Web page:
• Israel’s parliament, the Knesset, enacted the first in a series of laws aimed at limiting the power of the Israeli Supreme Court. The law, which passed by a vote of 64-0 in the Knesset, strips the Supreme Court of the power to block government decisions by declaring them “unreasonable.” Under the new law, the Israeli government can make decisions, including hiring and firing public servants, without judicial intervention or oversight. In a press release about the judicial overhaul, the White House stated that President Biden has “publicly and privately expressed his views that major changes in a democracy to be enduring must have as broad a consensus as possible.” The Israeli Supreme Court has stated that it will review legal challenges to the law in September.
  • The Alabama legislature approved a new congressional map that includes only one district where Black voters are the majority. The redrawn congressional map defies a recent U.S. Supreme Court decision directing Alabama to create at least two majority-Black districts. In that decision , the Court ruled that because Alabama’s 2020 congressional map had only one majority-Black district, it likely violated Section 2 of the Voting Rights Act, which prohibits voting practices that discriminate on the basis of race. Former U.S. Attorney General Eric Holder stated that the new map “would make George Wallace proud,” referring to Alabama’s former segregationist governor.


  • In a recent article in the Yale Journal on Regulation, Aneil Kovvali of the Indiana University Maurer School of Law and Joshua C. Macey of the University of Chicago Law School, discussed the role of corporate governance in public utilities. According to Kovvali and Macey, the broader system of corporate governance undermines the efficiency and effectiveness of public utilities because traditional corporate governance promotes shareholder profit instead of keeping rates low for the consumers. In addition, Kovvali and Macey noted that because public utilities focus on shareholder profits, they fail to invest in functional utility systems, which leads to underprepared electricity grids and blackouts. Kovvali and Macey proposed that regulators reframe the fiduciary duty of public utility boards of directors to ensure that the directors are accountable to ratepayers and shareholders.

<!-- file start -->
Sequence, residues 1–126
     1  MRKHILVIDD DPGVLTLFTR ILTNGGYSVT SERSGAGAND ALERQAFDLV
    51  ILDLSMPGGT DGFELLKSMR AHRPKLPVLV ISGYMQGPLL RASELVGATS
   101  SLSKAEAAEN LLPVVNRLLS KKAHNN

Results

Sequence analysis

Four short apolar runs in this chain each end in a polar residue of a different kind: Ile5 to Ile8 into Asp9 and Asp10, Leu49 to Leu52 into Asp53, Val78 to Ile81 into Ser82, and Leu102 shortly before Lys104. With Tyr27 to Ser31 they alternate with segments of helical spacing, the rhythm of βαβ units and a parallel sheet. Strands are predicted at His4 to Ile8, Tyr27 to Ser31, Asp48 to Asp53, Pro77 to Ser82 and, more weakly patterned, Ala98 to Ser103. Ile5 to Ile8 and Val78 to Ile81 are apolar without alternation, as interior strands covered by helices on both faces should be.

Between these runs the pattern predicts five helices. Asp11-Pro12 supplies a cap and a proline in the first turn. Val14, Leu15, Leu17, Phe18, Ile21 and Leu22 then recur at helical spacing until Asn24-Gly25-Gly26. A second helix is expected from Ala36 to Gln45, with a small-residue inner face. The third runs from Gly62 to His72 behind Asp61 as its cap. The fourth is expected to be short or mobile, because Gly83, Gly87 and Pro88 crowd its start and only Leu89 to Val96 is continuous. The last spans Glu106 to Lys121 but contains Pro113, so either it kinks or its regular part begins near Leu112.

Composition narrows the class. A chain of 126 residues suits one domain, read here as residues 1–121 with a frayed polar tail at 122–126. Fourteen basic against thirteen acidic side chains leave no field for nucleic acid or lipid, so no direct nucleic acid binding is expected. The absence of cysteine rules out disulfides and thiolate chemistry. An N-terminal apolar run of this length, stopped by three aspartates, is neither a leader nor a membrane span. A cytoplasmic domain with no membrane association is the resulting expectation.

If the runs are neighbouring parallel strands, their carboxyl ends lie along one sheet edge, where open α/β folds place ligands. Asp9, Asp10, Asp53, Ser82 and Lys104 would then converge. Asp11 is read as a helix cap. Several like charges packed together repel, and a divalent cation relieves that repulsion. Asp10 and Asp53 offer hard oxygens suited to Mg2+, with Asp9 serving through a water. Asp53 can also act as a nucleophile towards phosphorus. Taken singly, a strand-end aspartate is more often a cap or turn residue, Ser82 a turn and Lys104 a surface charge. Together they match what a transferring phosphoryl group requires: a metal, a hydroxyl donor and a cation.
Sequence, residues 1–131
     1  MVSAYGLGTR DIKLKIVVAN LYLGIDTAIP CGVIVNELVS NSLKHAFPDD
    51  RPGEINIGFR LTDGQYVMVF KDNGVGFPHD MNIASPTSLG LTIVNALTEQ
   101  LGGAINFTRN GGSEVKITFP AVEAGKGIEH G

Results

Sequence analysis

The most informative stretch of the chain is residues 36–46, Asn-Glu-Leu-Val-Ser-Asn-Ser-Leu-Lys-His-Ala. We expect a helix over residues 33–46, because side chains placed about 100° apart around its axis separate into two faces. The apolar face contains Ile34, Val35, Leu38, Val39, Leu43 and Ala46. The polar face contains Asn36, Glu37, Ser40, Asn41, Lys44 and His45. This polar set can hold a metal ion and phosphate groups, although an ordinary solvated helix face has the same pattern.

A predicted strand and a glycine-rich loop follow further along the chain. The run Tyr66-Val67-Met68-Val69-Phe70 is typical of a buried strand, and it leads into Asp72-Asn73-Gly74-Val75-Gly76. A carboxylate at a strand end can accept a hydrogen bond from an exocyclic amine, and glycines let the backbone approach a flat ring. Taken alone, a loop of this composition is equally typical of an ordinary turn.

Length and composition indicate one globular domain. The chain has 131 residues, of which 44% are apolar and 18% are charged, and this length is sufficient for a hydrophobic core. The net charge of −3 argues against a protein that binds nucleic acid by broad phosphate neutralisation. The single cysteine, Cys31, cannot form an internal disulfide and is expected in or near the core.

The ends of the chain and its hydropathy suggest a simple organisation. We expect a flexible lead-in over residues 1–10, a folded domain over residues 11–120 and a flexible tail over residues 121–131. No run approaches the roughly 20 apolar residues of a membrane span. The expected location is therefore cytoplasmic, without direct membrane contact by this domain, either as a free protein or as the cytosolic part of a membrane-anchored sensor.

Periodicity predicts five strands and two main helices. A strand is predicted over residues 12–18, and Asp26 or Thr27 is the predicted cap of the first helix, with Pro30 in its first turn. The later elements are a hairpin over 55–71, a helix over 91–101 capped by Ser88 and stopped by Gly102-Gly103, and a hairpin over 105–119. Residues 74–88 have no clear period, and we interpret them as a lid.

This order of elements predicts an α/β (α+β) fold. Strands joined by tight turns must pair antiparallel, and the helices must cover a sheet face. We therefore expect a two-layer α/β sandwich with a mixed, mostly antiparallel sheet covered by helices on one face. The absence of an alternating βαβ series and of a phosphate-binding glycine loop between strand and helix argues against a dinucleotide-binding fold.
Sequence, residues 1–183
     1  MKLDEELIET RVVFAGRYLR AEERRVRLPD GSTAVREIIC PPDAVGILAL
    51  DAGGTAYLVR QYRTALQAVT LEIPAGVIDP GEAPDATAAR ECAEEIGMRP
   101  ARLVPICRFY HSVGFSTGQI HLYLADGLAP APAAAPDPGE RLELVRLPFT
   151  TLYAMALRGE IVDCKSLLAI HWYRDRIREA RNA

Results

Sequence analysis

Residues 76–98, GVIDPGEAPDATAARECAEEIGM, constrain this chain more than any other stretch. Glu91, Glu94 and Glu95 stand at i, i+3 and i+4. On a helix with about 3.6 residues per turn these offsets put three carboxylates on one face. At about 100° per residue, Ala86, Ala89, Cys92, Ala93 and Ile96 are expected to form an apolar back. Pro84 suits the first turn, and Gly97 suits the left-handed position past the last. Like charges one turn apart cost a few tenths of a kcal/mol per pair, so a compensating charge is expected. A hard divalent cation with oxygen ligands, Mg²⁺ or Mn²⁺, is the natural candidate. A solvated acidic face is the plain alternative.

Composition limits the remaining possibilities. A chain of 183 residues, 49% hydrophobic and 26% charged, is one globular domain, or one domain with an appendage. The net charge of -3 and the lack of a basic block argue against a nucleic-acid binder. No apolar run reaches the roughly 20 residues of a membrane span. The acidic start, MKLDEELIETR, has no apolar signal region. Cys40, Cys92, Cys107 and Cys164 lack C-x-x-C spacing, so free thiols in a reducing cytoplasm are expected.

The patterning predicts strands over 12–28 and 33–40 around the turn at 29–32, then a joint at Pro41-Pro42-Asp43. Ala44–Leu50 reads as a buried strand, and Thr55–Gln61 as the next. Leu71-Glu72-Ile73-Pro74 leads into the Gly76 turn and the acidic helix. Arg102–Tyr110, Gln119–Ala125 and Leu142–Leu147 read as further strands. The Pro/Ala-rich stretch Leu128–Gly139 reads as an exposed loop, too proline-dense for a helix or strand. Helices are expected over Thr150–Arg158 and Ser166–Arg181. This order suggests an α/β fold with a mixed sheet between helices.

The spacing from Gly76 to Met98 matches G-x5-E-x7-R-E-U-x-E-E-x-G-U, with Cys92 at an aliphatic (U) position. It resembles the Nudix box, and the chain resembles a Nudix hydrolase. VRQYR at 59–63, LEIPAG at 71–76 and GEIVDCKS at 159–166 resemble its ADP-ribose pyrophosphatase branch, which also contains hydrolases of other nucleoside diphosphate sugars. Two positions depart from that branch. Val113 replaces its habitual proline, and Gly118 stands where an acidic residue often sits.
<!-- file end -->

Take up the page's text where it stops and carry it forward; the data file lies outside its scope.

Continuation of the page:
• In an essay on the Center for American Progress website, Adam Conner, the vice president for technology policy at American Progress, urged President Biden to address the challenges and opportunities associated with the rise of artificial intelligence (AI). Specifically, Conner recommended that the Biden Administration issue an executive order requiring federal agencies to adopt an AI Bill of Rights, which outlines steps policymakers and industry leaders can take to “protect the American public in the age of artificial intelligence.” Conner also advised the Biden Administration to prepare the federal government for AI systems that pose a national security threat.
  • In a recent article in the Texas Law Review, Guha Krishnamurthi, professor at the University of Maryland Francis King Carey School of Law, and Peter N. Salib, professor at the University of Houston Law Center, argued that the U.S. Supreme Court’s recent decision in Students for Fair Admissions v. Harvard that race-conscious admissions policies are unconstitutional will not eliminate affirmative action. Krishnamurthi and Salib asserted that Students for Fair Admissions will have little practical effect because of cases such as McCleskey v. Kemp, which held that statistical proof cannot establish constitutional discrimination. Thus, only schools that admit to engaging in affirmative action would be liable under existing precedent, Krishnamurthi and Salib contended.


  • In an essay in The Regulatory Review, Olivia Barrow, formerly of the Low Income Investment Fund, argued that the Community Reinvestment Act (CRA) should be updated to reflect the changing needs of communities of color. The CRA requires financial institutions to invest and lend money reflecting the real needs of the communities where they do business and take deposits. Even though the CRA was intended to address discrimination, federal regulators have nonetheless failed to address racial disparities in access to credit, Barrow contended. Barrow suggested that financial institutions use “affirmative race-conscious analysis” to analyze local investment needs and access to credit, just as these institutions already consider income. Specifically, Barrow proposed that banks establish special purpose credit programs designed to benefit those who would otherwise be denied credit or given unfavorable terms.